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27. Polynomials: Roots from Coefficients (Kerner’s Method)

Newton’s method applies to one root at a time and requires a good starting approximation. Kerner’s method is a generalization that gives all the roots, starting from a list a and dividing each element of the residual f a by the derivative with respect to the corresponding root. It applies only to a polynomial whose highest order coefficient is 1, and we first normalize the coefficients by dividing by the last, yielding a polynomial having the same roots. The method converges to complex roots only if at least one of the initial approximations is complex. We will use the Taylor series approximation to the exponential function, because the corresponding polynomial has complex roots:
```   ]d=: ^ t. i.6
1 1 0.5 0.166667 0.0416667 0.00833333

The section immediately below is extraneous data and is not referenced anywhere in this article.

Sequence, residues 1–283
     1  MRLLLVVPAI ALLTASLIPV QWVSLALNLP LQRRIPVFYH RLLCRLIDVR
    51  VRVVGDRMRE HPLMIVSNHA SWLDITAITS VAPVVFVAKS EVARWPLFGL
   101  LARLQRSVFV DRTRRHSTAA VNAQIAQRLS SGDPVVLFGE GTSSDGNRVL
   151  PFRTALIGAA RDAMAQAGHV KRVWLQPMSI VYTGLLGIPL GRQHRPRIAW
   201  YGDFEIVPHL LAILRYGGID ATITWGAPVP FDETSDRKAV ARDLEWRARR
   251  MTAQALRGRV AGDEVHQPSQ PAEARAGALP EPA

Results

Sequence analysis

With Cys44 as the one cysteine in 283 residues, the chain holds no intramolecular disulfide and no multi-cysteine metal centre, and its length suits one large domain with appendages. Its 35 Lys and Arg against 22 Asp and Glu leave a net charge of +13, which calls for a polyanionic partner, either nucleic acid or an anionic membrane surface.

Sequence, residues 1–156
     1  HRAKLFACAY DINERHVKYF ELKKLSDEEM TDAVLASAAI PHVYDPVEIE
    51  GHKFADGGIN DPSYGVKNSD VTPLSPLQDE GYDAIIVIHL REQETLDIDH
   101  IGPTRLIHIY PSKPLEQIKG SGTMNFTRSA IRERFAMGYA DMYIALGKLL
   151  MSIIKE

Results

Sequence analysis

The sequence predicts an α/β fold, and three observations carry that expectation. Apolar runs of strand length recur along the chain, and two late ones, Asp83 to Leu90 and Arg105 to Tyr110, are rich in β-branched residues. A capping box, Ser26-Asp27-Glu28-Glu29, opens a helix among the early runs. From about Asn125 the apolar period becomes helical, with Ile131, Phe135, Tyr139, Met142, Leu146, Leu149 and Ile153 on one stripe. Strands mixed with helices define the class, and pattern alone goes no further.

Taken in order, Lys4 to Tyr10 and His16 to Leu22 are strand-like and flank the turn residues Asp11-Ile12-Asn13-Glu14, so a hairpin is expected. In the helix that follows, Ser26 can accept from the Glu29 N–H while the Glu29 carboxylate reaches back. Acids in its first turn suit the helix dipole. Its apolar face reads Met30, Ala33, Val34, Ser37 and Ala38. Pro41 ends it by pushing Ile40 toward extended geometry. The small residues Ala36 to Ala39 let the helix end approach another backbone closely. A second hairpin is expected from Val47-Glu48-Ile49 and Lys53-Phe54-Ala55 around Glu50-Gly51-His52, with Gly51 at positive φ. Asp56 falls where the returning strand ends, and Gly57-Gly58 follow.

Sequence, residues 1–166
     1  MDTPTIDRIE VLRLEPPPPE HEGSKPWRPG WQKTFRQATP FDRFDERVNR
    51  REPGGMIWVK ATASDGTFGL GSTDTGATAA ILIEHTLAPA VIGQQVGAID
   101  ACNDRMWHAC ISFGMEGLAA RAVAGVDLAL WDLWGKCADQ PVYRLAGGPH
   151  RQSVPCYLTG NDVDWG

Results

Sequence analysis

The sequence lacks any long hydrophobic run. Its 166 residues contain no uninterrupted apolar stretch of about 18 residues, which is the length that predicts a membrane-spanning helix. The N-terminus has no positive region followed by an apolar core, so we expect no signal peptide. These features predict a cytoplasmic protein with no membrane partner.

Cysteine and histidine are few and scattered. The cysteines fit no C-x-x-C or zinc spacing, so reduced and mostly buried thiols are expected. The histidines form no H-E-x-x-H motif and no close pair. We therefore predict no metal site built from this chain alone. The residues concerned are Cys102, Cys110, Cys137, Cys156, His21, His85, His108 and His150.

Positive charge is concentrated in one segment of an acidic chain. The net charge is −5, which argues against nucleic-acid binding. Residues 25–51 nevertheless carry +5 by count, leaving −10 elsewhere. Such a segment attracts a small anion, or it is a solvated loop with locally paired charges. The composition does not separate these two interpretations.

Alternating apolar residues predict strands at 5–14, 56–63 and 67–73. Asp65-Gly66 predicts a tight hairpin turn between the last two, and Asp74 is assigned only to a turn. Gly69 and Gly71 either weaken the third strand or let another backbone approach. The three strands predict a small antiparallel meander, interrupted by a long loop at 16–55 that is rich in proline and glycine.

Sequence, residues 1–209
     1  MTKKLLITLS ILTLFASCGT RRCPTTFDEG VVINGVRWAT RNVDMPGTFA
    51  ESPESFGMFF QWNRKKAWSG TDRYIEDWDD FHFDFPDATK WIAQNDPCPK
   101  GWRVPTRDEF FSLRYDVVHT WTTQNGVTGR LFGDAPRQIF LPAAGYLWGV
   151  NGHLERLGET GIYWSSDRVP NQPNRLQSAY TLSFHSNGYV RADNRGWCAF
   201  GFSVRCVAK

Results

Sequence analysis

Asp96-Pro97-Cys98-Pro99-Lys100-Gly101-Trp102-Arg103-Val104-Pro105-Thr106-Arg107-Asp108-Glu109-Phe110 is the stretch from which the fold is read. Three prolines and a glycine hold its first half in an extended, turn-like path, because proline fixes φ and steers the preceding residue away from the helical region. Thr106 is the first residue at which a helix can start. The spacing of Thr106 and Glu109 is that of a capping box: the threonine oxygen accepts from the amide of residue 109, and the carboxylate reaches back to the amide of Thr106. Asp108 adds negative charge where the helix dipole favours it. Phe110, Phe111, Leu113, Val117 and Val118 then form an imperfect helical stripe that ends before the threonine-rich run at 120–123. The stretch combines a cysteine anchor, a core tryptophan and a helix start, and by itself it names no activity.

]c=: (norm=: % {:) d
120 120 60 20 5 1

+. a=: (init=: r.@}.@i.@#) c |a
0.540302  0.841471 1 1 1 1 1
_0.416147  0.909297
_0.989992  0.14112
_0.653644 _0.756802
0.283662 _0.958924

deriv=: [: */ 0&=@{.}@(-/~ ,: 1:)

kerner=: 1 : '] - x&p. % deriv@]'

r=: c kerner ^:_ a
+.(/:|) r                  NB. Real and imaginary parts of roots sorted by magnitude
_2.18061 4.57601e_31
_1.6495     1.69393
_1.6495    _1.69393
0.239806     3.12834
0.239806    _3.12834

>./|c p. r
1.04488e_13
```
These results may be compared with the use of the primitive p. on the un-normalized coefficients d . Thus:
```   p. 2 4 2
+-+-----+
|2|_1 _1|
+-+-----+

,.;}.p. d
0.2398064j3.12834
0.2398064j_3.12834
_1.6495j1.69393
_1.6495j_1.69393
_2.18061
```
Newton’s method may also be used for a complex root:
```   +. d NEWTON ^:0 1 2 3 _ a=: 1j1
1        1
0.0166065  0.99639
_0.990523 0.992532
_1.95338  1.10685
_1.6495   1.6939
```

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